When making soap to sell or give as a gift, it needs to look polished and professional . Unfortunately, not every batch comes straight out of the mold this way! Whether the soap has a bit of soda ash or uneven edges, there are several tricks to making each and every bar picture perfect. Here are my top five finishing touches to create soap that looks professional and finished.
1. Steam Your Soap
Soda ash occurs on soap due to the natural process of unsaponified lye reacting with carbon dioxide in the air. The result is a thin white layer on the top of the soap. While perfectly safe to use, soda ash can be considered an aesthetic issue. To learn more about soda ash and how to prevent it, click here.
Steaming soap is one of the more effective ways to remove soda ash, especially when the soda ash is deep within the bar. As you can see from the soaps below, steaming makes a huge difference!
In the Instagram video below, you can see that steaming your soap is incredibly easy. You can steam soap before or after it has been cut. Simply hold the steamer directly over the top of the soap, and move the steamer around for several seconds. You can see the soda ash disappear before your eyes! The soap may become soft, so it’s best to place the soap on a hard surface while steaming and allow to dry before moving.
The Black, White and Gold All Over Soap gets a “steam treatment” to get rid of a thin layer of soda ash.
2. Wash Your Soap
Yes, you heard that right…you can wash your soap! This is a great alternative to steaming if you do not have a steamer available. Wrap a nylon around your finger, and run your finger under cold water. Gently scrub away the soda ash using the nylon and water. You can also run a paper towel under cold water, and use the paper towel to gently “wash” away the soda ash.
Choosing between steaming and washing will depend on the style of soap. For example, it would be difficult to wash a bar with a texture top, such as the Juicy Orange and Sweet Rose Soap. Steaming would work much better!
3. Bevelling Your Soap
Using a beveller creates smooth edges on the soap, helping it to look crisp and clean. Simply slide the bar of soap across the blade in the center of the beveller. Doing so shaves off the corner, producing a small flat edge. Click play on the video below to see the Soap Beveller/Shaver in action!
It is best to use the beveller after the soap has been cut and has cured for about a week. If the soap is too soft, the edges will not be clean. If the soap is extremely hard, running the soap across the blade smoothly becomes more difficult. Some soapers like to save the shavings to incorporate into other soapy projects. They would work great for the technique used in the Cherry Blossom Glitter Cold Process tutorial!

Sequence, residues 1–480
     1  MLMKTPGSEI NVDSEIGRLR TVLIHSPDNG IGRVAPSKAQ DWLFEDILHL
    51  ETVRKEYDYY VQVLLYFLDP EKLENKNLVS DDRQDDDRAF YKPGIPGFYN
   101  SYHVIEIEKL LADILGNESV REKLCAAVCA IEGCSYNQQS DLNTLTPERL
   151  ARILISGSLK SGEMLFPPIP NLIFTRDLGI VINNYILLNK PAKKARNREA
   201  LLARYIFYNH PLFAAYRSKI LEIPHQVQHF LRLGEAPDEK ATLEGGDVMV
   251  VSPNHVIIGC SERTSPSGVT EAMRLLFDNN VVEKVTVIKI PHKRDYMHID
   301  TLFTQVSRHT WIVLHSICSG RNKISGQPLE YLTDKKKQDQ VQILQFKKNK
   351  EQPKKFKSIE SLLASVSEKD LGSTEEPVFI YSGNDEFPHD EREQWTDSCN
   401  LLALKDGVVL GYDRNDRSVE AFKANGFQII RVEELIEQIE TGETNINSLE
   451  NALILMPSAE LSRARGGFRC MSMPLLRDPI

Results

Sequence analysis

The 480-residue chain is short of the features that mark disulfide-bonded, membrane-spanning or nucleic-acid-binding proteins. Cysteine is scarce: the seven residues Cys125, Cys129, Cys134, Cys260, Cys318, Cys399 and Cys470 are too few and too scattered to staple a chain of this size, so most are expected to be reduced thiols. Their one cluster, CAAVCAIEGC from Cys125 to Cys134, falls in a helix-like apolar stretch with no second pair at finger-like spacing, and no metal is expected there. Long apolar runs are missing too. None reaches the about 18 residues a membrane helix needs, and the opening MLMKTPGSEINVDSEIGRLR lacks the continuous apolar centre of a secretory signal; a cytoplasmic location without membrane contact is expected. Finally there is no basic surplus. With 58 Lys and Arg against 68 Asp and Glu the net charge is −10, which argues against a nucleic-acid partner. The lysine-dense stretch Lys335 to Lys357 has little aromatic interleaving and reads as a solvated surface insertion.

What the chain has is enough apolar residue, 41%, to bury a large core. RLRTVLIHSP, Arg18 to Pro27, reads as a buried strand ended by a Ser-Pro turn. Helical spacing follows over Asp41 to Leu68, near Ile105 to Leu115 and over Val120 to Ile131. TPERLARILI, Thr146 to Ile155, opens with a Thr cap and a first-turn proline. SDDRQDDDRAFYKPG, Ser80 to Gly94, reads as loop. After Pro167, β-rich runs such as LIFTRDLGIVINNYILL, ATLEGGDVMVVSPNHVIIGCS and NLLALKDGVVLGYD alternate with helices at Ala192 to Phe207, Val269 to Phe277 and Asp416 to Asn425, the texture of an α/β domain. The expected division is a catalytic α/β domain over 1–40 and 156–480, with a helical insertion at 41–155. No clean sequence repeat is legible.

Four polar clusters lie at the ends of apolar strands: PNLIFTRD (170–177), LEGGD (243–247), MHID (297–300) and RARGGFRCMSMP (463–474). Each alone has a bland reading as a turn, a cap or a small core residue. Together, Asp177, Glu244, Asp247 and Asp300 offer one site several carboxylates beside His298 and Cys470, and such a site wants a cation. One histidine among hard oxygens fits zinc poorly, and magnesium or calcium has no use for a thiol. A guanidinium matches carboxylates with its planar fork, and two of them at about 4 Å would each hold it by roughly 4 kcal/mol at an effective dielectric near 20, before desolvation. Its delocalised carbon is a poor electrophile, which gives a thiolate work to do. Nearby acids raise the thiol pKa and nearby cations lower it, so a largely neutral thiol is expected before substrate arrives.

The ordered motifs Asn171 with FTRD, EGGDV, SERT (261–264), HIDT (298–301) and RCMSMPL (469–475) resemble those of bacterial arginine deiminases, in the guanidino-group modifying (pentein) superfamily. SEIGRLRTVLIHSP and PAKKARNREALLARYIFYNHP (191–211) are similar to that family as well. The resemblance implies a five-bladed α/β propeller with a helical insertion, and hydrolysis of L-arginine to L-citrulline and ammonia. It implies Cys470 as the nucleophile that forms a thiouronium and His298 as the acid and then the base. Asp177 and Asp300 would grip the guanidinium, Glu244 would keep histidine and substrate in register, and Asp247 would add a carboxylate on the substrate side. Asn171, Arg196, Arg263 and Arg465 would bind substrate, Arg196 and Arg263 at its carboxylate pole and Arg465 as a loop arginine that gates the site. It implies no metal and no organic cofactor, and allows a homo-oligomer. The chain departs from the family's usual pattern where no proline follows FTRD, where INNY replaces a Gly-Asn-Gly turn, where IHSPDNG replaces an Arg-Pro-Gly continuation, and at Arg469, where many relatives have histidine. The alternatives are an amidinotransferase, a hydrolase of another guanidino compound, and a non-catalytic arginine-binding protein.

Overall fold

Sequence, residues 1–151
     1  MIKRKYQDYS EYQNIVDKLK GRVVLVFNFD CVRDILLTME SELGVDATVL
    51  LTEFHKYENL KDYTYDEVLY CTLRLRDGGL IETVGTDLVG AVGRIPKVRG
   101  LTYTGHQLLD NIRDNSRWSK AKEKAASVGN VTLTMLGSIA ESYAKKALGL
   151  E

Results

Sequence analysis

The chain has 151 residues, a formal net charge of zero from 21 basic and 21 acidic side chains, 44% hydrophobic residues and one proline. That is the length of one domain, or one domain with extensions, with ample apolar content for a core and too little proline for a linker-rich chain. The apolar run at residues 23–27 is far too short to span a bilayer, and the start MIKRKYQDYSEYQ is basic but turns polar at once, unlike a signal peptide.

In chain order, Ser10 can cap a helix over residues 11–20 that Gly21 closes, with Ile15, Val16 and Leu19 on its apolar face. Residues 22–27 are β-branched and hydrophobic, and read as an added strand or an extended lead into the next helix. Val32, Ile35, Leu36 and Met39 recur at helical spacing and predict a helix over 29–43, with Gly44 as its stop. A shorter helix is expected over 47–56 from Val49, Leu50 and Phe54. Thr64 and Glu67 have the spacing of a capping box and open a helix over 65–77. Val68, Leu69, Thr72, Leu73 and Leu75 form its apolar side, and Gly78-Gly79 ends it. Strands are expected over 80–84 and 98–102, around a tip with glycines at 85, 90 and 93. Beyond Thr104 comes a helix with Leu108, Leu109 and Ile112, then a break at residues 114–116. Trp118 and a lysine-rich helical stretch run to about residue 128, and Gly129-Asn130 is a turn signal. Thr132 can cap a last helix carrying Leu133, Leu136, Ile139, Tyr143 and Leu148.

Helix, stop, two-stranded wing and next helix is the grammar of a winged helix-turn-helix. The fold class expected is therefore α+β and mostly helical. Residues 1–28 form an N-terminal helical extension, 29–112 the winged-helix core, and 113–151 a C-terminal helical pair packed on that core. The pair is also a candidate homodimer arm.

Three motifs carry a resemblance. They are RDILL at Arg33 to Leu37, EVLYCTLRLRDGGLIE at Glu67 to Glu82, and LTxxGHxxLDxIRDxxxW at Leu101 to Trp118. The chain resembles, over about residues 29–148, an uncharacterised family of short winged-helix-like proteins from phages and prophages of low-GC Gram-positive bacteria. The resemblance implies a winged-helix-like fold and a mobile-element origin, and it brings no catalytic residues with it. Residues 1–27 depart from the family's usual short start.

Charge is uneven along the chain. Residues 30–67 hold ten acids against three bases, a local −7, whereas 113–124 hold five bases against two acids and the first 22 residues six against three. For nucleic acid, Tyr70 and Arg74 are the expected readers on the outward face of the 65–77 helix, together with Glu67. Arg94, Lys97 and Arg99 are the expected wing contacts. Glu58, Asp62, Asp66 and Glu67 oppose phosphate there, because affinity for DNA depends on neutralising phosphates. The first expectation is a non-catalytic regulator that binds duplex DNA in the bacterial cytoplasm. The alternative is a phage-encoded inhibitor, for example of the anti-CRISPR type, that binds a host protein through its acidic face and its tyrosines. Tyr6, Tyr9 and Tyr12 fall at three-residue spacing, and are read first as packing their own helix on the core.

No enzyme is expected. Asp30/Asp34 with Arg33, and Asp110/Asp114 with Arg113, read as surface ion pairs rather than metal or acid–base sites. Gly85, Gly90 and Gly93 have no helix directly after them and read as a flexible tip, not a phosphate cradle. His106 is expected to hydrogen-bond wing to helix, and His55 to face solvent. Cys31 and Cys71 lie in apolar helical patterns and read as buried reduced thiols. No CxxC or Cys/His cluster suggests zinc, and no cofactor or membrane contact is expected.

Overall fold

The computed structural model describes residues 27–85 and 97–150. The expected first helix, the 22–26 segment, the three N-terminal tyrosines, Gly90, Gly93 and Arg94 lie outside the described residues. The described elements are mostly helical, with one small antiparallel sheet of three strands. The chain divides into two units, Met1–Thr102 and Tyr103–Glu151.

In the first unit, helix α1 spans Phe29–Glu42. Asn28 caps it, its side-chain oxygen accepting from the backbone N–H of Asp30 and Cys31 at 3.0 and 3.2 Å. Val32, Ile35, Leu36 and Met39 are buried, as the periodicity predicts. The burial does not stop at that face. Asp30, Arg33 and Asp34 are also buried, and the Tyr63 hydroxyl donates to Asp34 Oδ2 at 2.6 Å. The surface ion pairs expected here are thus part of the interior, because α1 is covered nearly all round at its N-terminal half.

While the beveller does not drastically change the soap like steaming or washing, the before and after examples below show how a subtle change can make a huge difference!
4. Shrink Wrap Your Soap
Packaging your soap is an easy way to create a professional look. There are countless ways to package your soap, and deciding on what method may depend on your own style/branding, the bar of soap, and how protective you’d like the packaging to be.
One option is to shrink wrap your soap using Shrink Wrap Soap Bands. Simply slide the soap into the band, apply heat from a heat gun, and the bands shrink down to fit your soap. They work great for soap created in Birchwood Molds (9 Bar, 18 Bar and 36 Bar), 10″ Silicone Loaf Mold and wooden loaf molds. Not only do they create a polished look, they protect your soap!
For bars of all shapes, it’s possible to use plastic wrap from the grocery store to shrink wrap soap. This packaging Soap Queen TV Episode shows you how! Other easy and professional looking packaging options include using soap boxes, organza bags, jute bags or wrapping paper! For even more packaging inspiration, check out the Make it Monday: Packaging album on Facebook.
5. Label Your Soap
Adding a sleek and polished label not only tells recipients about the soap, a label instantly makes a bar look professional and gift-worthy. Labels can come in the form of cigar bands or hanging tags. Bramble Berry has numerous downloadable templates to make adding labels to a wide array of products extremely simple. If you’re looking for information on how to label ingredients for cold process soap, this post has you covered.
(Above, left to right) The Summer Cigar Bands completely transform the simple soap created using the Beginner’s Cold Process Kit. The colorful Funnel Pour Soap looks polished with both shrink wrap and soap labels.
Labeling your soap is a lot of fun, because there are so many creative labeling possibilities. One classic option is to use a ribbon, piece of yarn, or twine to tie a hanging label onto your soap. The result is clean, polished and super cute.
What is your favorite way to create a polished and professional bar of soap? I’d love to hear your tips and tricks!